Commentary | Eccentric or artistic?

Prioritizing creatives’ mental health

Content warning: suicide, mental illness, self harm, substance abuse

When I’m prescribed a new medication, one of the first things I do (besides going to the pharmacy to fill the prescription) is look on forums and websites to see potential side effects of the medication — places like the r/bipolar subreddit,, and the section of the medication’s wikipedia page dedicated to the possible side effects, how frequent they are, and their severity. The most common side effects tend to be drowsiness and weight gain, but something that is perhaps more concering than clinicized symptoms is the continuous mention, over and over again, of a stifling of creativity due to medications.

Many people worry that medications made to treat mental illness will drain their creative juices, leaving them unable to create or perform the way they once did. This is something that I have struggled with, as well. Prior to my diagnosis and the chaos that is university life, my camera was basically attached to my hand; I wrote fairly frequently; I listened to music almost non-stop. But between a lack of time and a lack of inspiration, the things that I once considered integral to who I was became little more than a passing thought on most days.

But between a lack of time and a lack of inspiration, the things that I once considered integral to who I was became little more than a passing thought on most days.

However, after finding a medication which works for me, along with a regular regimen of cognitive behavioural therapy, my love of art and creation began to come back. Without the debilitating exhaustion caused by depressive episodes and the whiplash-inducing speed with which I veer from topic to topic while hypomanic, I am able to create much more consistently. Why, then, do I occasionally wish for just a little bit of heartbreak, a little extra sadness?
There are plenty of cultural references, both modern and historical, to feed the “tortured artist” trope. Many accomplished artists led lives shrouded in sadness: Jim Morrison, Janis Joplin, Jimi Hendrix, Kurt Cobain, Amy Winehouse, and the rest of the members of the “27 club,” for example, which have been a topic of discussion since Kurt Cobain’s death in 1994. Over the past several years, the suicides of Robin Williams and Chester Bennington have caused increased discussion surrounding the treatment of mental illness.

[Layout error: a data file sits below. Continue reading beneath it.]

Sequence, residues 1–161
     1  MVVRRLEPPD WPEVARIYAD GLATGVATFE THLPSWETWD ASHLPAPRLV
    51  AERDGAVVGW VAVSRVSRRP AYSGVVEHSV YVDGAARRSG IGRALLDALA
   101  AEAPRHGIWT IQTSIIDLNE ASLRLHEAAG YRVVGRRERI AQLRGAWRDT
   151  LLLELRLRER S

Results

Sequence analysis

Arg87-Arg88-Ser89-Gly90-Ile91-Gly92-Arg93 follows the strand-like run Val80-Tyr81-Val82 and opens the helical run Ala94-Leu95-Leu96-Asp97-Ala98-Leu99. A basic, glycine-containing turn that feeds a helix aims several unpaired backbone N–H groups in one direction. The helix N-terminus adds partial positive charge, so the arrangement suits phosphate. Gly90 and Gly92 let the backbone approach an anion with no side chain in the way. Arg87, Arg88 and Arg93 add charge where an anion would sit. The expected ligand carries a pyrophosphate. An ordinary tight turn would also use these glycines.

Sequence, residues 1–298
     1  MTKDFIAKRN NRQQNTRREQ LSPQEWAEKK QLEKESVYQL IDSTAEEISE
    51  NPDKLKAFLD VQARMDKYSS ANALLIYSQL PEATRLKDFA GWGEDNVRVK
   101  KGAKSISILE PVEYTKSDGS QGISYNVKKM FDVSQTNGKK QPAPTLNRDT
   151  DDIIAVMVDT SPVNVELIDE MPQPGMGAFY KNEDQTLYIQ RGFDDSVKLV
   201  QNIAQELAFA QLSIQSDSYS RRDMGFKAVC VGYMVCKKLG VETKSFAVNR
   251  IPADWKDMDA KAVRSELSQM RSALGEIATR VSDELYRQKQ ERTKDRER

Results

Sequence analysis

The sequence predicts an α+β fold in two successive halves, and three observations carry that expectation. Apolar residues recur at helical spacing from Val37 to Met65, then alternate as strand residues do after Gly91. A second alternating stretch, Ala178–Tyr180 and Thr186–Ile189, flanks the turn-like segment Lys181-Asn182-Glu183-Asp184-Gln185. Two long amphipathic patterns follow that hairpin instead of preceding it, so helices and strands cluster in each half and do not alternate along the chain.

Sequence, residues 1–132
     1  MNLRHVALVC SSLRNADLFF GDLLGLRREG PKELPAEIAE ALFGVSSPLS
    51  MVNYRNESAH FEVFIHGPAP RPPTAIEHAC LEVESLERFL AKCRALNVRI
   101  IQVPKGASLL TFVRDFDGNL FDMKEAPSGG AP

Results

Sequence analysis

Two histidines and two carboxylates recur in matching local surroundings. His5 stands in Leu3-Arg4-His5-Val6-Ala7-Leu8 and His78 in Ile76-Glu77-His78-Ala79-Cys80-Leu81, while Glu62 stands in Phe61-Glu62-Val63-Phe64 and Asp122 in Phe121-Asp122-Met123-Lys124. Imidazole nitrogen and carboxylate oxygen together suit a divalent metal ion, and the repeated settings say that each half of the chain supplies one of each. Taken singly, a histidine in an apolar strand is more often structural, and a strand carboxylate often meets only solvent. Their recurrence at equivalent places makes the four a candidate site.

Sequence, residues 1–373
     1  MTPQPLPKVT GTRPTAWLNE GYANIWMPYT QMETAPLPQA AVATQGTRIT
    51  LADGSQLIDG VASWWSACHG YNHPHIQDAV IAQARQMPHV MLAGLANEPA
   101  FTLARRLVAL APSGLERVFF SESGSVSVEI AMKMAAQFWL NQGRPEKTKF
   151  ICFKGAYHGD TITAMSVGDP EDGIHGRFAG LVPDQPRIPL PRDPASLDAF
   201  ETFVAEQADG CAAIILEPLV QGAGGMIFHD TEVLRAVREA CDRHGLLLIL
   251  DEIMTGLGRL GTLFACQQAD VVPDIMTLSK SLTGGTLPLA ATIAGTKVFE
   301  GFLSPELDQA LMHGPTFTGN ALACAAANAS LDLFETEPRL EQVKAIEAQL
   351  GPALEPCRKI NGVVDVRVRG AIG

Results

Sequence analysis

This is not, however, a modern invention. The phrase poète maudit, meaning accursed poet and associated with writers living “outside society,” often resulting in early death, was popularized in the 1800s. Edvard Munch, who painted “The Scream” in 1893, suffered from anxiety and hallucinations. Vincent Van Gogh was known for his attempts to poison himself by eating paint and drinking turpentine. Virginia Woolf filled her overcoat pockets with stones and walked into the River Ouse. Lord Byron once said, “We of the craft are all crazy. Some are affected by gaiety, others by melancholy, but all are more or less touched.”

Popular science has elaborated on this correlation: there are countless articles, and even books, about the relationship between mental illness and creativity. A 2012 study from researchers at the Karolisnka Institutet claims that creative professionals are eight per cent more likely than the general population to be bipolar, and writers in particular are 120 per cent more likely to be bipolar. A 2015 study by researchers from a biological research company called deCODE genetics claims that “creatives” are 17 per cent more likely to carry genetic variants that increase the risk of bipolar disorder or schizophrenia than non-creative types. However, others question these claims: Scott Barry Kaufman, a psychologist at the University of Pennsylvania, says that “any particular set of genes is only going to explain a very small part of variation in any psychological trait.”